April 2009

Volume 24 Number 04

{ End Bracket } - Translate This Page

By Sandor Maurice | April 2009

Microsoft translation services have been upgraded with the release of a number of translation Web service APIs and tools, along with new of ways to access the service via REST, SOAP, and AJAX APIs, so that you can easily integrate translation into your Web site.

From our widget adoption portal at microsofttranslator.com, you can customize the behavior and appearance of the new translation widget to fit your content, and using a short HTML snippet, have the translation widget appear alongside your existing content.

When invoked, the widget leverages our AJAX API to progressively translate your page's content, in place, without taking the user to a different site. Users can choose from among several viewing options: inline translation with original text tooltips, original text with translated text tooltips, or both, side by side.

Users may also opt for automatic translation, causing all pages they visit that contain the widget to be translated automatically. All user settings are persisted across any site that contains the widget.

Figure 1 Microsoft Translator

For more advanced scenarios in which the widget may not be suitable, you can access the underlying AJAX API that provides complete control over translation triggers and content to be translated. To integrate the AJAX API, simply copy and paste a small HTML snippet from the AJAX API SDK into your HTML. In this case the snippet does not expose any visible content on the site but rather just loads our AJAX API into the browser. You can then invoke the various JavaScript functions supported by our API. For example, in order to translate a specific Document Object Model (DOM) element with an ID of "myElem" from English to Spanish, you would call

Microsoft.Translator.translate(document.getElementById("myElem"), "en", "es");

In order to translate the body of the entire document, one would call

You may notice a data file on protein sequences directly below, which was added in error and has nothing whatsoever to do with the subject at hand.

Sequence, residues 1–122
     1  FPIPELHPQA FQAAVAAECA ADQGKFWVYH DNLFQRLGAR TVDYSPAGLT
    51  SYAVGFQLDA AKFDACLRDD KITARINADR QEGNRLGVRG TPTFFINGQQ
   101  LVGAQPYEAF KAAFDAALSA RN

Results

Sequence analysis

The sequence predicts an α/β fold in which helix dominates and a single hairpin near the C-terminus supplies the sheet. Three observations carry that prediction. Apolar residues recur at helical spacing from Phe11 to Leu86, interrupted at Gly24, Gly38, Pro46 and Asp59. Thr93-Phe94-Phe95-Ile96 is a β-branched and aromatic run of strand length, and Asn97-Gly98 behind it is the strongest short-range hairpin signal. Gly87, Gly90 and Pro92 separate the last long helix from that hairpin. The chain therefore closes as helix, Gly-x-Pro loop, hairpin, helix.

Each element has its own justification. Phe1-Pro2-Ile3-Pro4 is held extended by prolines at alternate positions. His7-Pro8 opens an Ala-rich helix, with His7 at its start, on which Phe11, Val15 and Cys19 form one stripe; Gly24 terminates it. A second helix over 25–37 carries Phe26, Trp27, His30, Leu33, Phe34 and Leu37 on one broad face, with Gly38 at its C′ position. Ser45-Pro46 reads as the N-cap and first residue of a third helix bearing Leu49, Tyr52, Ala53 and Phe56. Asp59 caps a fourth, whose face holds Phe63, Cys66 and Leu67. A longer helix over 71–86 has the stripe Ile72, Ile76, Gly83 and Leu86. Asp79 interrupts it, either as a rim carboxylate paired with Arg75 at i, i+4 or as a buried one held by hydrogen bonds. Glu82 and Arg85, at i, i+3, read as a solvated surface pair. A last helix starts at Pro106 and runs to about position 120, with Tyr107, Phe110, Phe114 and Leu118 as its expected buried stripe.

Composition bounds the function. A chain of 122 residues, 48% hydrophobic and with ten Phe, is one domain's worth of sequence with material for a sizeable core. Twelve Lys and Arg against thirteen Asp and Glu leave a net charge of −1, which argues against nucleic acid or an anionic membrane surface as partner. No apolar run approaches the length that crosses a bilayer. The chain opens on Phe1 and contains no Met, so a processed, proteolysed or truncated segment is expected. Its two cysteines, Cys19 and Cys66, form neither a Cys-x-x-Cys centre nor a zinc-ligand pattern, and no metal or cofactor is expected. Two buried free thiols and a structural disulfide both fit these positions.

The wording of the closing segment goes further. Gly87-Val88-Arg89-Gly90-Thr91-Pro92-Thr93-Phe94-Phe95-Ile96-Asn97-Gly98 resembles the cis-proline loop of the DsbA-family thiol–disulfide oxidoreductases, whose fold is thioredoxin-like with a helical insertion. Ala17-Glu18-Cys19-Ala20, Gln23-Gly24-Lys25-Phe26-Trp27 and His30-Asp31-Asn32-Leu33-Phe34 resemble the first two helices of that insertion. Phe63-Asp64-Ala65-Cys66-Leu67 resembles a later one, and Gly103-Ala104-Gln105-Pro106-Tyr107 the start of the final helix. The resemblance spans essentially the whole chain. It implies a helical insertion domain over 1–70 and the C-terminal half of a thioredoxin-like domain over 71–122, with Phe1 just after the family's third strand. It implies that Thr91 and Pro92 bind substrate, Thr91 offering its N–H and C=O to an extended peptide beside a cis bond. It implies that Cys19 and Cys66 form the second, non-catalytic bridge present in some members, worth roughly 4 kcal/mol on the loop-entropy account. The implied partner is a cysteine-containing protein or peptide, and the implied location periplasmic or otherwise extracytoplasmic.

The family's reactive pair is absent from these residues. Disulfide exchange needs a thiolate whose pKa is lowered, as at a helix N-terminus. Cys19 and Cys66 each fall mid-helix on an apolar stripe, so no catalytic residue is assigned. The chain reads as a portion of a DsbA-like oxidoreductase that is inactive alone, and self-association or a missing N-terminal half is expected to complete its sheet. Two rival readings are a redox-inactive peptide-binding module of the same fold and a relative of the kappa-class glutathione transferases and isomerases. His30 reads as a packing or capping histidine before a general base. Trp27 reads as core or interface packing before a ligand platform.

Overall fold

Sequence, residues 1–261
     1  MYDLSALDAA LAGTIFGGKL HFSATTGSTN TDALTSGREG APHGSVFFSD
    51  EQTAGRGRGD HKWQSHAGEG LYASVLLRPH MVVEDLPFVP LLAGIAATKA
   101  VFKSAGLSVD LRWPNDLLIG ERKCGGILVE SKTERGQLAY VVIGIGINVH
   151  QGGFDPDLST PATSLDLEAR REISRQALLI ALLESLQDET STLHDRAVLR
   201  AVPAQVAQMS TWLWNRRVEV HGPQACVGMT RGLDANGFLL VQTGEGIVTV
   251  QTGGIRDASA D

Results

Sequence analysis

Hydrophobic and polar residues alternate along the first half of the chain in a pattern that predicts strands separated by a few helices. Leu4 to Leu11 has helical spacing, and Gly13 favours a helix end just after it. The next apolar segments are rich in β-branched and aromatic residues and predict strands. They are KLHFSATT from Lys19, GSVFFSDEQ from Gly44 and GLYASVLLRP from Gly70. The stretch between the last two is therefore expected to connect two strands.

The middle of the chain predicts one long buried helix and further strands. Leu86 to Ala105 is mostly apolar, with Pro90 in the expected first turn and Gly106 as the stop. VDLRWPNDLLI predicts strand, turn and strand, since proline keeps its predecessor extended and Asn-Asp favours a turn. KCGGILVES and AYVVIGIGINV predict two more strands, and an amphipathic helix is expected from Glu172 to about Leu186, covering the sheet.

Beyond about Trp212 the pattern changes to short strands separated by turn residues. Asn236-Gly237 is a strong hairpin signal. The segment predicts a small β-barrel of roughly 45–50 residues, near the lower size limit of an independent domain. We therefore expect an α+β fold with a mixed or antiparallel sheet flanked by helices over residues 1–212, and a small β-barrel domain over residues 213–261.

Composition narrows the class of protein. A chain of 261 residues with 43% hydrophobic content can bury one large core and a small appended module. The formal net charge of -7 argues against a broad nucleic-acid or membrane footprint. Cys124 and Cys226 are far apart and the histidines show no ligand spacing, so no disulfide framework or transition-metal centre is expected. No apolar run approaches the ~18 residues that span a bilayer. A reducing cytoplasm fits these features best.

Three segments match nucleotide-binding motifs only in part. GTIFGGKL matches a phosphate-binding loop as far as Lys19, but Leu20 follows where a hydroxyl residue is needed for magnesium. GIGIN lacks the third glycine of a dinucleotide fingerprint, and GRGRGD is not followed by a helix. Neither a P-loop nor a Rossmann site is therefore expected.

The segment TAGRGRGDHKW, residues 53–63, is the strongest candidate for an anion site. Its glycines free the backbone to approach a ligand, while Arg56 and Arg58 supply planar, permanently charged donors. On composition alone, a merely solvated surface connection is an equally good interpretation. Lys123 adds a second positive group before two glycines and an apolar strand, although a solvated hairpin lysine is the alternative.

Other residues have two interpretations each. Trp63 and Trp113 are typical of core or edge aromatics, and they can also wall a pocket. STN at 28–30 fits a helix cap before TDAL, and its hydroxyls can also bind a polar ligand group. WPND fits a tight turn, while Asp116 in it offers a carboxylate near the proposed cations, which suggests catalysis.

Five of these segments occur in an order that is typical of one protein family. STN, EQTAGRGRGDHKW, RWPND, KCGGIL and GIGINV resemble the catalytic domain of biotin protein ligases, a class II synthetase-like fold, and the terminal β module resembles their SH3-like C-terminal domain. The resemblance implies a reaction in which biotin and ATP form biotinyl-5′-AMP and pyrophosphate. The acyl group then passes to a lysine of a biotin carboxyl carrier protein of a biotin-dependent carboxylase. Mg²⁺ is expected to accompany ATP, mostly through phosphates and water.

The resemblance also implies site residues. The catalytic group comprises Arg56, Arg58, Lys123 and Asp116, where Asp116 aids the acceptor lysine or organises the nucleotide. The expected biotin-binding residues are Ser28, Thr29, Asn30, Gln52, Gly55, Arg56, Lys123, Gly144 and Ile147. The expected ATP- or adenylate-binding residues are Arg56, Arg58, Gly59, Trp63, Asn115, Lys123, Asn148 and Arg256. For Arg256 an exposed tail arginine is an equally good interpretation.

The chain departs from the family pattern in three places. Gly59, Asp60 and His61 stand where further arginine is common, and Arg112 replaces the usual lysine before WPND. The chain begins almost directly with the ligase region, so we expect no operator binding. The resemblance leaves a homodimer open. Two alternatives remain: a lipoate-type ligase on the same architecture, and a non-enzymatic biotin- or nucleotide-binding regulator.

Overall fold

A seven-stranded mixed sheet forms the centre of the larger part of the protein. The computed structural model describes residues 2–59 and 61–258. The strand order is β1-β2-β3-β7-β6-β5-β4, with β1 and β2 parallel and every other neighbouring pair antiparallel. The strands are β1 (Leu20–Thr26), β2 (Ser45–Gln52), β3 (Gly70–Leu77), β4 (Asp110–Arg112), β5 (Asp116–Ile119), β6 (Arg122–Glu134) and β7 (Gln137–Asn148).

Microsoft.Translator.translate(document.body, "en", "es");

You can programmatically access all the same options that the widget exposes to users. For example, you can create a side-by-side translation on a specific DOM element, call

Microsoft.Translator.setOptions({ "layout": "ss"}); Microsoft.Translator.translate("myElem");

Note that when no language arguments are provided, the API determines the original (source) language by first checking the DOM hierarchy for any HTML lang attributes. Failing that, it falls back to automatic language identification technology. The translation (target) language is determined by the browser accept-language settings of the user, and if no appropriate translation language is supported the API gracefully degrades to a reasonable default. A complete list of supported option names and their respective values can be obtained by calling


You may also control translation behavior declaratively. In addition to a standard HTML lang attribute, elements can be identified as being unsuitable for translation with a translate="no" attribute, in which case the API simply skips over them.

As you will see when you give it a try, the new translation services features let you tailor your content to your users easily and conveniently.

For more information on what we've been up to, read Vikram's installment of End Bracket in the January 2009 issue, "The Emergence Of Machine Translation."

Sandor Maurice is a developer on the Microsoft Translator team. He is responsible for developing the AJAX API and widget.

Vikram Dendi is a Senior Product Manager on the Microsoft Translator team. He is responsible for business strategy and product planning and is working toward empowering developers to help build a Web without walls. He blogs at viks.org and at blogs.msdn.com/translation.